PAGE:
I have been on the Wheel of Brisbane. This is Brisbane’s answer to the London Eye. Not having much of a head for heights I needed a strong coffee before going on. It was absolutely brilliant and a bargain at 20 Aussie dollars.

i enjoyed Tasmanian oysters at the champ kitchen and bar on the South Bank.

The highlight has been a visit to the Lone Pine Koala sanctuary on Fig Tree Pocket Road. It’s a half hour bus ride from central Brisbane. They have around a hundred koala’s there ranging from the babies (Joey’s) to ones that have been retired. There’ s a vast open area where you can get really close and feed kangaroo’s. They also have dingoes, wombats, a Tasmanian devil and a duck billed platypus. It’s excellent!

All in all I have really enjoyed Brisbane and I would definitely like to return here.

The free “city hopper” ferry has been a great way to travel around the city. The Queenslander houses made from timber set on high stumps with verandas are cool.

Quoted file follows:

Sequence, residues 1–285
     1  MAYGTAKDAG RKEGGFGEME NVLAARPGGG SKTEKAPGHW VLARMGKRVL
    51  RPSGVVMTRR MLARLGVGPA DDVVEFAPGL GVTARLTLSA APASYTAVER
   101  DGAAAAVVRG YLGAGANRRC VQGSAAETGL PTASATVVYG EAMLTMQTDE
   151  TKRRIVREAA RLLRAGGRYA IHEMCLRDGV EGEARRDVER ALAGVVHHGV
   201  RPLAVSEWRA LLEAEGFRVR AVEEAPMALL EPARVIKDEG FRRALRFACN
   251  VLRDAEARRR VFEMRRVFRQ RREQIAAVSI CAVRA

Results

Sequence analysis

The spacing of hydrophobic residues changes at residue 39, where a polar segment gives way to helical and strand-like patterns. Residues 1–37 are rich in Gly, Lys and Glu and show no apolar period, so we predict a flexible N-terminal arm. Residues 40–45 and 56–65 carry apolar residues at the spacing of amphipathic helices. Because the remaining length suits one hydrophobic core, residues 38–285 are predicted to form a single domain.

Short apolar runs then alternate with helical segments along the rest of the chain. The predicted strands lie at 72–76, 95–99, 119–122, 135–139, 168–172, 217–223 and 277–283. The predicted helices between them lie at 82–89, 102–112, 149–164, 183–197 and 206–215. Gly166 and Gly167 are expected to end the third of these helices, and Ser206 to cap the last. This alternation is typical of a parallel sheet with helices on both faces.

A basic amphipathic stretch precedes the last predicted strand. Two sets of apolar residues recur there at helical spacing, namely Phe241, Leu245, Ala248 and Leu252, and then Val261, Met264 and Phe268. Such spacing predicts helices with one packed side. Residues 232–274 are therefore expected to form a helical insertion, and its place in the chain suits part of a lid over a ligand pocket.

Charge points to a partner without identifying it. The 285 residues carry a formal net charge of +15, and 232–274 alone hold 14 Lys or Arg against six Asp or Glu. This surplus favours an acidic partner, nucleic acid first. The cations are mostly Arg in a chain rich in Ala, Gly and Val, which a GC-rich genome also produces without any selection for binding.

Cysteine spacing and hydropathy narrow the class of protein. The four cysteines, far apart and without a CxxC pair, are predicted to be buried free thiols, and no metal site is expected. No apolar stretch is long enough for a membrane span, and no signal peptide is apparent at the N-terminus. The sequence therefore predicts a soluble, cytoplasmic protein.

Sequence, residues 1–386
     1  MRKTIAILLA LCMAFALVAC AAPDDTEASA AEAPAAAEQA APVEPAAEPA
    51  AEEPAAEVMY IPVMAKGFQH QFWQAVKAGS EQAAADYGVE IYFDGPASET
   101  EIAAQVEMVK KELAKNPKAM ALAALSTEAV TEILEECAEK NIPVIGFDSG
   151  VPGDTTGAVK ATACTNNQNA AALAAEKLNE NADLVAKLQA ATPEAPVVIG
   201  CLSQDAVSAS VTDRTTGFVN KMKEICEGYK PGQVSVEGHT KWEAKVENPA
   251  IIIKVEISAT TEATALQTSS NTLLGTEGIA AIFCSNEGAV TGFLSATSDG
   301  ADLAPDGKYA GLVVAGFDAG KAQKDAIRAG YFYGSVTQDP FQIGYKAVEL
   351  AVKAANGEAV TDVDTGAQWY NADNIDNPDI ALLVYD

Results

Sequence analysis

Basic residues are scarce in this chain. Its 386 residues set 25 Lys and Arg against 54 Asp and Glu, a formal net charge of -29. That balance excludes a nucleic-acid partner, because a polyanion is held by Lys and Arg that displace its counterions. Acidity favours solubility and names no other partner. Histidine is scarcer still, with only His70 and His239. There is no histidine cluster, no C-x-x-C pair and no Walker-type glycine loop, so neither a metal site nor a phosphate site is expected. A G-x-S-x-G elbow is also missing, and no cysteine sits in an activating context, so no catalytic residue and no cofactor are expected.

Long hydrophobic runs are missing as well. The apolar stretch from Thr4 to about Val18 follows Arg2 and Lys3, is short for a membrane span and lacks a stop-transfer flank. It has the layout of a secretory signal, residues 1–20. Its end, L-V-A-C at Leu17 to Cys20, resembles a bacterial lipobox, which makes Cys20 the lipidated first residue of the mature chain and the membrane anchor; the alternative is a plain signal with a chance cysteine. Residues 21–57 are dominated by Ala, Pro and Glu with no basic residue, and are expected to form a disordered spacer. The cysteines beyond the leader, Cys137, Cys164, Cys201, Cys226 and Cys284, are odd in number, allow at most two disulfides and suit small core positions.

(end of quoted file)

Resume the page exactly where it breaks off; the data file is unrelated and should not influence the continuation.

Preparations are in full swing for Christmas. A decorated tree has appeared this week outside the city hall. On the south bank yesterday 3 musicIan’s were playing Christmas carols ( although their repertoire also included Europe’s The Final Countdown and George Michael’s careless whisper!). Christmas in these temperatures is going to feel really weird.

Tomorrow my travels take me to Alice Springs. England have a two day match there against a Chairman’s Xi. They need the practice!

 

wombat

wombat

kangaroo family

kangaroo family

koala

koala

View of the city from the Brisbane River

View of the city from the Brisbane River

the wheel of Brisbane

the wheel of Brisbane

Brisbane City hall where the Museum of Brisbane is located

Brisbane City hall where the Museum of Brisbane is located

the Pineapple Hotel in the Queenslander style

the Pineapple Hotel in the Queenslander style

The City Hopper ferry

The City Hopper ferry